New Basketball Backcourt Rule for High School
The National Federation of High Schools (NFHS) published new basketball backcourt rule exception. A shiny looking, 'rules exception' about backcourt violations, but in doing so they have confused many officials.
Let's get this 'clarification' about backcourt rules right. The language provided by NFHS:
9-9-1: A player shall not be the first to touch the ball after it has been in team control in the frontcourt, if he/she or a teammate last touched or was touched by the ball in the frontcourt before it went to the backcourt. EXCEPTION: Any player located in the backcourt may recover a ball deflected from the frontcourt by the defense.
9-9-1: A player shall not be the first to touch the ball after it has been in team control in the frontcourt, if he/she or a teammate last touched or was touched by the ball in the frontcourt before it went to the backcourt.… Click To Tweet
Our video explaination:
Our rules clarification for this year 2018 is about backcourt violations. It involves one single play that was improperly interpreted by the committee in 2007 as being a violation. We are going to look at that play. This play is now, by rule, LEGAL. So, the NFHS said, "You know what? We had this interpretation. It was wrong. We're going to fix it by including an exception into the rule. Recognize that the backcourt RULES. HAVE. NOT. CHANGED! Here is our play... This is a legal play.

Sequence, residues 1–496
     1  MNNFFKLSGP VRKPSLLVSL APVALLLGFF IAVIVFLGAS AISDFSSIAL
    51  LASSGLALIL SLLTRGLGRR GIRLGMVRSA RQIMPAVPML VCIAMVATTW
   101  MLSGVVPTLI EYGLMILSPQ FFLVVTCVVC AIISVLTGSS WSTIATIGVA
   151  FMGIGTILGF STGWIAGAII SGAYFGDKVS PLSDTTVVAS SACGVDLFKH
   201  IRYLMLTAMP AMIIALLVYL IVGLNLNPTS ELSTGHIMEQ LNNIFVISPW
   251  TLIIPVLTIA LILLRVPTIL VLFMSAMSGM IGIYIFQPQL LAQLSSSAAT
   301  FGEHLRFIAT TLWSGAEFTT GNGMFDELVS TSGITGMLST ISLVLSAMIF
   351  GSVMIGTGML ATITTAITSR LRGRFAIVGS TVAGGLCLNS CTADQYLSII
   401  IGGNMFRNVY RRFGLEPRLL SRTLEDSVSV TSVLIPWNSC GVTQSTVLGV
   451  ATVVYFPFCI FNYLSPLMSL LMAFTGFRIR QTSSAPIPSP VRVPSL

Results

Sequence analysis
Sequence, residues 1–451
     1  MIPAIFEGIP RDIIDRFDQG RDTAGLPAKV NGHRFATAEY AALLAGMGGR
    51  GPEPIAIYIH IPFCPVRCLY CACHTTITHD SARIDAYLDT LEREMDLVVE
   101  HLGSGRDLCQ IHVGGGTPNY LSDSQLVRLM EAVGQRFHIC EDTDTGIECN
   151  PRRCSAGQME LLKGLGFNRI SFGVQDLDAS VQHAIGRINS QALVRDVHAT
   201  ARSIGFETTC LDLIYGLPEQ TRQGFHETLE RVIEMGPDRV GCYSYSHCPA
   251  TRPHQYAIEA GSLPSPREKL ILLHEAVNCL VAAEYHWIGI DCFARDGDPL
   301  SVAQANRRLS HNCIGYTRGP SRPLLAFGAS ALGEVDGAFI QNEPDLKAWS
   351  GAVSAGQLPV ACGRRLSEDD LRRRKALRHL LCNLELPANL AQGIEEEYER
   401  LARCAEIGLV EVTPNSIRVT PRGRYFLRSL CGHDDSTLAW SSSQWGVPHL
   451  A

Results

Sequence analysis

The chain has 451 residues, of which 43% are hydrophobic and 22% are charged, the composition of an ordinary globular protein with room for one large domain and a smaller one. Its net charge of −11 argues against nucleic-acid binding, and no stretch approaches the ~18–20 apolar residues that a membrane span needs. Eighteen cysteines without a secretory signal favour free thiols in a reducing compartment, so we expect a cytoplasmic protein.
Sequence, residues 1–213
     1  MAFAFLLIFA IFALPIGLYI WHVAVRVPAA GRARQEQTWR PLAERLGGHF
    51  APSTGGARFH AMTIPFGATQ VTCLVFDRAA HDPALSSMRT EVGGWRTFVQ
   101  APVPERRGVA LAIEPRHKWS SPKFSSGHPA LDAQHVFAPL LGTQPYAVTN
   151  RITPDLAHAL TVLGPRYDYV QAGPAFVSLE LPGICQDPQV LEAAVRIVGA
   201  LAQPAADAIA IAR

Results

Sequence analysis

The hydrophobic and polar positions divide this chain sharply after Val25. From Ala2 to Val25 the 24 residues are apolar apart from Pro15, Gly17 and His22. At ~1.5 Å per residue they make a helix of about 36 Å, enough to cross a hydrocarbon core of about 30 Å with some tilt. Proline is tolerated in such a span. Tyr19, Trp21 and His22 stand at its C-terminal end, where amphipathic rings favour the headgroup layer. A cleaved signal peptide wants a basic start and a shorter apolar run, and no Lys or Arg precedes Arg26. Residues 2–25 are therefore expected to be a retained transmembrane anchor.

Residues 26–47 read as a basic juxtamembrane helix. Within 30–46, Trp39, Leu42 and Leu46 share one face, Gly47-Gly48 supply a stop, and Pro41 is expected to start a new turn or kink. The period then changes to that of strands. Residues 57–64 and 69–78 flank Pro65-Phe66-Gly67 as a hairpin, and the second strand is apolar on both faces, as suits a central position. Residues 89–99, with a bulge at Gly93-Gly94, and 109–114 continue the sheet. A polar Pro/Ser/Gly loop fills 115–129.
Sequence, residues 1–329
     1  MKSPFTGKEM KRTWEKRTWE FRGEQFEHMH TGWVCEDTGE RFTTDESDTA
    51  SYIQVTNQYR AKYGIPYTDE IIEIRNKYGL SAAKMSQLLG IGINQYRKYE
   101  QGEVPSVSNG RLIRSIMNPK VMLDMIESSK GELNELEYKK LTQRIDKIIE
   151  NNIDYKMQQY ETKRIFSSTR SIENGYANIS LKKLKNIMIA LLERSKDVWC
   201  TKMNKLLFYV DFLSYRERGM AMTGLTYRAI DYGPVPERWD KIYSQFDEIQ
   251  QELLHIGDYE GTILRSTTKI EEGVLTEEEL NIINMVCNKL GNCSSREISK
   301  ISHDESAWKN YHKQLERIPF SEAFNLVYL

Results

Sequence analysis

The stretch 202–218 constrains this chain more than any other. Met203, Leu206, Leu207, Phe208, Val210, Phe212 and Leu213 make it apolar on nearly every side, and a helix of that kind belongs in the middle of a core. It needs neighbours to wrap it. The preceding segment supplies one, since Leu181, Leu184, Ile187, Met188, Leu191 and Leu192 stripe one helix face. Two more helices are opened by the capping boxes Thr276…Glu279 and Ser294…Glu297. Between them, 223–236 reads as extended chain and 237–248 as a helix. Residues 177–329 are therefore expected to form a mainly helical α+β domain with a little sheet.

Misguided Rules Interpretation from 2007 about basketball backcourt violation
In 2007, NFHS said this play is illegal and this is a backcourt violation on red. When we look at backcourt plays, let's go through our process -- our checklist. We have Team Control by Red. They are holding or dribbling the ball in the backcourt. The ball is passed and is contacted by a player with frontcourt status -- White. This means that the ball now has Frontcourt status by rule. Again, these are the basics. The Red player (with backcourt status) jumps and catches the ball in the air now giving the ball backcourt status. In 2007 NFHS had an interpretation that this play is illegal. NFHS: we are going to rule that this player was: both the last to touch in the frontcourt and the first to touch in the backcourt *simultaneously* by catching the ball. It was convoluted logic and has now been corrected.
NFHS sees the light about their erroneous interpretation!
This play is now legal. A critical component to understand is even though there's language being expressed by NFHS about backcourt rules and restrictions, that this is the ONLY play that is being addressed!! This one play! This play is legal. There are no rules changes regarding backcourt violations.
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